Ukraine claims to have thwarted Russian cyberattack on its power grid

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“We were very lucky. » At a press conference, the deputy director of the agency responsible for cybersecurity in Ukraine, Viktor Zhora, did not hide his relief. The Ukrainian authorities announced on Tuesday 12 April that they had thwarted a computer attack in recent days designed to deprive “millions” of Ukrainians.

The kyiv authorities have, in fact, discovered in the networks of the company responsible for supplying electricity to a Ukrainian region a malicious software programmed to cut off the power this Friday, April 8, shortly after 7 p.m.

Discovered in time and deactivated, the computer attack had no effect, according to the Ukrainian authorities. “But the planned disruption was enormous”, according to Mr. Zhora. A document published by the MIT Technology Reviewpresented as emanating from the Ukrainian government, undated and describing facts very close to those publicly mentioned by kyiv, specifies however that the attack succeeded in “temporarily shut down nine electrical substations”.

One of the most important regions of the country

The authorities did not want to specify which company was targeted, nor the region concerned – except that the latter was one of the largest in the country, according to Farid Safarov, the deputy energy minister.

It all started a few days ago with a warning received by the Ukrainian authorities from a ” partner “ – Kyiv did not want to specify who – about the potential compromise of part of the Ukrainian power grid.

Quickly, the Ukrainian experts discovered that a company in the sector had indeed been infected, and had been for several weeks at least. The infection first concerns its “classic” office network, on which so-called “wiper” software is discovered, designed to erase data and render computer systems inoperative. One of them, nicknamed “CaddyWiper”, had already been detected in the networks of a Ukrainian bank and government entity, without doing any noticeable damage.

Read also: The FBI announces that it has dismantled a network used by Russia for possible cyberattacks

Another, older virus, called “Industroyer”, (…) had deprived of electricity, in the middle of winter, several tens of thousands of Ukrainian homes in 2016

In addition to this office network, the one dedicated to controlling the electrical network was also targeted. The authorities discovered software there which, according to the Slovak company ESET, which is a reference in the digital security of industrial systems and which was able to directly analyze the attack, bears very clear resemblances to another, older virus, called “ Industrialize”. The latter was deployed in 2016 in the kyiv region and deprived tens of thousands of Ukrainian homes of electricity in the middle of winter. He hadn’t been talked about for five years.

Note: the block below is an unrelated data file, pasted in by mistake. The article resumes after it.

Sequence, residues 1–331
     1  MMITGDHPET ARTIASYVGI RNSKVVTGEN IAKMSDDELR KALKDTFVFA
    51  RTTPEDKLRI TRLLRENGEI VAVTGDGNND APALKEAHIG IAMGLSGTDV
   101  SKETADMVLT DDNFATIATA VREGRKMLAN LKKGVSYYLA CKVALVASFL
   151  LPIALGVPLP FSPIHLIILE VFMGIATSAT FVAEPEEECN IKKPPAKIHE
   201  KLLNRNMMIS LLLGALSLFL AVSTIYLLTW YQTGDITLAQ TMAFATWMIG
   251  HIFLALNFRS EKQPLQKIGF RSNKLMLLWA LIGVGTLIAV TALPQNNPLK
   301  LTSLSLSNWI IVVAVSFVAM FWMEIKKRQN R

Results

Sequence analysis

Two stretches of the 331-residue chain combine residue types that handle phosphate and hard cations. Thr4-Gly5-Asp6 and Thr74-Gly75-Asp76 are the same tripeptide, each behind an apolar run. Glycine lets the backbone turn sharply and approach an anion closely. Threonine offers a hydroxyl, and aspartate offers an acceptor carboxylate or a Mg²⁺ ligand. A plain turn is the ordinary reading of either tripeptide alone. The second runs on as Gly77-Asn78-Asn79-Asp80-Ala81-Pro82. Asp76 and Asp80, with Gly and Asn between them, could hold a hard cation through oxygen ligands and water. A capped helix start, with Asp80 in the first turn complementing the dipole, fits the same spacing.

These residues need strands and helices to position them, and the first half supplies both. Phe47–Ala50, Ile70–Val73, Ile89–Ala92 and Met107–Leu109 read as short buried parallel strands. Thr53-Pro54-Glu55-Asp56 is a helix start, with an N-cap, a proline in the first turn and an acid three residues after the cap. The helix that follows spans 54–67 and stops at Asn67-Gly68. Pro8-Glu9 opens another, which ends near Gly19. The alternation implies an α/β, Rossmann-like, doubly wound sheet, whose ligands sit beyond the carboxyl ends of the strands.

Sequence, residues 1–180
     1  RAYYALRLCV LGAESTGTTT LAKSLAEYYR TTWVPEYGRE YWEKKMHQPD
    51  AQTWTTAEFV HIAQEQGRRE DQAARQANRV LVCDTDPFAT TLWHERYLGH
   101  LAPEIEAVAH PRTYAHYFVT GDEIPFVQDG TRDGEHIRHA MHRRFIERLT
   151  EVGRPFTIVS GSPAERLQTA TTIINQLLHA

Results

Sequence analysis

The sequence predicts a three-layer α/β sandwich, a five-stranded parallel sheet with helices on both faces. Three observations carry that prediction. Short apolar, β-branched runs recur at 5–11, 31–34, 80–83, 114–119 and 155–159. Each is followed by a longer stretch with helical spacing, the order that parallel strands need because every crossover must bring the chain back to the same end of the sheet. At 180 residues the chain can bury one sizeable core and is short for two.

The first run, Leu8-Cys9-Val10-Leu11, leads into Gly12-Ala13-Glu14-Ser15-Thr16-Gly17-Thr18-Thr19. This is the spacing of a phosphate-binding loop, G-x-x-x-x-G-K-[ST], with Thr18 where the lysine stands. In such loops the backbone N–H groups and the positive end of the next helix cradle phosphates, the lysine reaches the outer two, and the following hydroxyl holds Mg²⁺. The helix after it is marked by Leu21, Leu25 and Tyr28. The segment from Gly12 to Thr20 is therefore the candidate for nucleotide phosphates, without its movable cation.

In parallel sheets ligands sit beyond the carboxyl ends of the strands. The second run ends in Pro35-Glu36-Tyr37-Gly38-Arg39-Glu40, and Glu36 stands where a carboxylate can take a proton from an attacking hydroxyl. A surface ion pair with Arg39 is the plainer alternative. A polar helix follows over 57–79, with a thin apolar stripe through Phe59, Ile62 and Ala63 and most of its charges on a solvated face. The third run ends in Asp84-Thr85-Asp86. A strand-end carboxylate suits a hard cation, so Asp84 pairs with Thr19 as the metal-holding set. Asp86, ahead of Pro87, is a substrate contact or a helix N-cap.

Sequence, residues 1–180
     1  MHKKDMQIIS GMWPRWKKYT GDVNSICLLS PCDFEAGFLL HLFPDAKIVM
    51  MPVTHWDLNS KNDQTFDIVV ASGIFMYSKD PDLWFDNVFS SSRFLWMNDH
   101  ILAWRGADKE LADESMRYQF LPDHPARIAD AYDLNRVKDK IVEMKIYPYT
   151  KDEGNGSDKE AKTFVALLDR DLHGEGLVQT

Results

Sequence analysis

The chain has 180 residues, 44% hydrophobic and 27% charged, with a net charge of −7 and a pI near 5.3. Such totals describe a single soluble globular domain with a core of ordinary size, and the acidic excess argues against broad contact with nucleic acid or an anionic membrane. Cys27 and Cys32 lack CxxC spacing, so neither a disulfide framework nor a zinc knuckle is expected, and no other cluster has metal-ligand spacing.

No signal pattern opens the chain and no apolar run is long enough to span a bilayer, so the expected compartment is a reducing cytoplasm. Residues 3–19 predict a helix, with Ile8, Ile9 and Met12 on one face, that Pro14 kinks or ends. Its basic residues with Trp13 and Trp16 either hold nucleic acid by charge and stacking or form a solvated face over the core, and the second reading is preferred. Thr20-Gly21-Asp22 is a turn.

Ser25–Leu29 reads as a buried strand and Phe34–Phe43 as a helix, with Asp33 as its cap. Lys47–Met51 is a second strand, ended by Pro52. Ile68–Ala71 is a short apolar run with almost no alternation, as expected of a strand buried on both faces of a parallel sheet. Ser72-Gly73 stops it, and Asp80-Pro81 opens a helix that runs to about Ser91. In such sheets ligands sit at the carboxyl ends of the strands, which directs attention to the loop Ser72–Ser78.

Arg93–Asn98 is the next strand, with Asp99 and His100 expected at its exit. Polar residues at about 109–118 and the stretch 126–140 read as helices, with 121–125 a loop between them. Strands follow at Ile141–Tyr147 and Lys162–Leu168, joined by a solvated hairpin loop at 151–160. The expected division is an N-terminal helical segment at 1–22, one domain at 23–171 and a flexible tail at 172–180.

Its successor, logically called “Industroyer2” by the Ukrainian authorities and the company ESET, marks a clear sophistication of computer attacks targeting Ukraine. Since the start of the Russian invasion, the low intensity of the (numerous) attacks had surprised many experts. In recent weeks, the Ukrainian authorities and specialized companies have regularly announced the discovery of malicious software, without the latter doing significant damage.

Russian military intelligence on the move

This attack seemed, on the contrary, designed to inflict maximum damage, in a sector “of critical importance to the life of this country”, in the words of Mr. Zhora. The study of the attack by ESET also reveals that the hackers had taken measures to erase all their traces, once the hostilities had started.

According to the company – but also the Ukrainian authorities – the authors of Industroyer2 are the same as those of its predecessor: unit 74 455 of the GRU, the Russian military intelligence service, several members of which have already been indicted by the courts. American, accused of having carried out large-scale attacks over the past ten years, in particular against Ukraine.

Read also Ukraine recognizes “huge loss of communication” after cyberattack on KA-SAT satellite

This discovery confirms the rise of the GRU, one of the main troublemakers in cyberspace, in the digital side of the Russian invasion of Ukraine. It also shows that the Russian security apparatus is far from having abandoned its attempts to attack the energy sector. Recently, American justice accused several individuals, members of the FSB, the Russian security services, of being behind a group of hackers who have targeted many companies in the sector in recent years.

This computer attack could prefigure others, as the Russian army prepares for the second phase of its invasion. For Mr. Zhora, the attack, which should have taken place only a few days ago, was supposed to “to reinforce the hostility of the soldiers who continue to kill the civilian population” and who now turn their weapons towards the Donbass.

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